Computers, video, radio, printing presses, synthesizers, fax machines, tape recorders, photocopiers – these things make good toys, but terrible addictions.
Finally we realize we cannot “reach out & touch someone” who is not present in the flesh. These media may be useful to our art – but they must not possess us, nor must they stand between, mediate, or separate us from our animal/animate selves. We want to control our media, not be controlled by them. And we should like to remember a certain psychic martial art which stresses the realization that the body itself is the least mediated of all media.
The voyage into distant worlds of the imaginary truly conducts a dynamic psyche only if it takes the shape of a voyage into the land of the infinite. In the realm of imagination, every immanence takes on a transcendence.
peter lamborn wilson, spiritual destinations of an anarchist, 24.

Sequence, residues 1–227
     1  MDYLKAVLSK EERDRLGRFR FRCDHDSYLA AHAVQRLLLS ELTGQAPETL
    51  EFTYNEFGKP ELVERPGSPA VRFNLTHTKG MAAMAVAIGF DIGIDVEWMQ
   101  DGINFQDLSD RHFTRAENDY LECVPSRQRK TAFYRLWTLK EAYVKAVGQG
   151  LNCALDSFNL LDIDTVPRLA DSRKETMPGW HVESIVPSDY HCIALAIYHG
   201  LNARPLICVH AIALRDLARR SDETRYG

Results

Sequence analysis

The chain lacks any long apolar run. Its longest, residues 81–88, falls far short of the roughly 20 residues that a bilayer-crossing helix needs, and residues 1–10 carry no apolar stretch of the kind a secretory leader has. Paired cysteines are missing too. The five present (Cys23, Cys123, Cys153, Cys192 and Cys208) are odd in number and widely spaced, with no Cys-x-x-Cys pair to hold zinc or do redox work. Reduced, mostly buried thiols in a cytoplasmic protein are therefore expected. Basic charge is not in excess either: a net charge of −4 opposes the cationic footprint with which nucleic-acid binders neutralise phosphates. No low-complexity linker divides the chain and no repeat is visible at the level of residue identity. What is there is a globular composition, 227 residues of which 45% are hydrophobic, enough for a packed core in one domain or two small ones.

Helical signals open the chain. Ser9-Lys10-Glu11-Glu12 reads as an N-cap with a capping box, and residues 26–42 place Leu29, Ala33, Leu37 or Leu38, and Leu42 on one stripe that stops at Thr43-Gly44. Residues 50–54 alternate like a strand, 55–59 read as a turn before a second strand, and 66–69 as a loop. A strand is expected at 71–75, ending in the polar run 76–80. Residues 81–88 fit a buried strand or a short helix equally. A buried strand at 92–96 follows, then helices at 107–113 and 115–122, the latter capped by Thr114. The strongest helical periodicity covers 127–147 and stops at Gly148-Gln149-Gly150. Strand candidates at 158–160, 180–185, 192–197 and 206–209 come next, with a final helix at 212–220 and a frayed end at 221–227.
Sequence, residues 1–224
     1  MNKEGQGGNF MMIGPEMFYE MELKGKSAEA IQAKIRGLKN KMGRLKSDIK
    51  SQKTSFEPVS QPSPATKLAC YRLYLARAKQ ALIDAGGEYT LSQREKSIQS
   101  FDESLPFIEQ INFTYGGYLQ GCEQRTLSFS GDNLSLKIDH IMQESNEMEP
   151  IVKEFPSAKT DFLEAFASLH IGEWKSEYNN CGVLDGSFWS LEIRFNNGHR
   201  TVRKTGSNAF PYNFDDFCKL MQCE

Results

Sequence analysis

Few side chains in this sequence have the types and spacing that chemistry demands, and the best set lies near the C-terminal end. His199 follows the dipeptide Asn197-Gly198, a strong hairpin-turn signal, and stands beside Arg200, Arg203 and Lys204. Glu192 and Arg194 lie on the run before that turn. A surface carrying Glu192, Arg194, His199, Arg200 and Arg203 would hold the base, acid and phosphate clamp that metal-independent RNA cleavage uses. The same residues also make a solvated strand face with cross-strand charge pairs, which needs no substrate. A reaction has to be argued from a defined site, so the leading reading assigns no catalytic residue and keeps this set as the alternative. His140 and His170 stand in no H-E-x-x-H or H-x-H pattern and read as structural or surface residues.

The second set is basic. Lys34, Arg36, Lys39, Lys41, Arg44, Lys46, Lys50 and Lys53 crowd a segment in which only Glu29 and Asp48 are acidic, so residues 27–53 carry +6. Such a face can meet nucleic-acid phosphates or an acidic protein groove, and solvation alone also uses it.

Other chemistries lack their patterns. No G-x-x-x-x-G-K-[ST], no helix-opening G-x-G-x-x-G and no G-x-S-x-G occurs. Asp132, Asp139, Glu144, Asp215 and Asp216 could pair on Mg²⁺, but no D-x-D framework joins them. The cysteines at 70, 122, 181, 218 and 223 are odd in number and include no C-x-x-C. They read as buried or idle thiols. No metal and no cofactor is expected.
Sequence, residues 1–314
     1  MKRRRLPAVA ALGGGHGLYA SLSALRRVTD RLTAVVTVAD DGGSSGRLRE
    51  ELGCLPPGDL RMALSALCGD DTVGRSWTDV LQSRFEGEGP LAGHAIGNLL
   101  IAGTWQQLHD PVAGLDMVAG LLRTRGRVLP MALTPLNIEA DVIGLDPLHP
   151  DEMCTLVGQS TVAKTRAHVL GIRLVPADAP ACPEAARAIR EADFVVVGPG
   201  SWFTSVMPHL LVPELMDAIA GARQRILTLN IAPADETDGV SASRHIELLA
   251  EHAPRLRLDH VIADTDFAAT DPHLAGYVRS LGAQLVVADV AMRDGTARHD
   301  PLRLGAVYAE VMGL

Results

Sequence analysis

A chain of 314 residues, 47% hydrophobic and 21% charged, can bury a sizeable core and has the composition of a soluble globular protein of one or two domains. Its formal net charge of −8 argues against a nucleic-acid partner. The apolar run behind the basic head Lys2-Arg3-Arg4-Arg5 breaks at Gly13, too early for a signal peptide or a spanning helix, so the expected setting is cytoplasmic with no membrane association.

Each of us are a part of Nature, it is true, but our value as individuals is not thereby lessened in any way, since it would be equally true to say that Nature is a part of us, individually. Nature's freedom from all abstract “categorical imperatives” does not reduce all biota to a faceless mass; on the contrary, it restores to each thing its own unique face.
quote, charles steiner, the watch house where the switches keep
There is a “bad” eternity: the quasi-atemporality of half-inhabited images; of concepts believed; of institutions imposed. There is a “good” eternity unveiled when energy is released, where the Now abides at the very center of the transitory
If we think that these human beings have been totally objective, totally dominated by facts, totally true—yes, totally true!—could they then have invented things? Where was the flute before it was invented? And the garden? And dances? And paintings? Absent. Nonexistent. No knowledge could possibly have pulled these things from nature. It was necessary that the imagination become pregnant in order that culture could be born.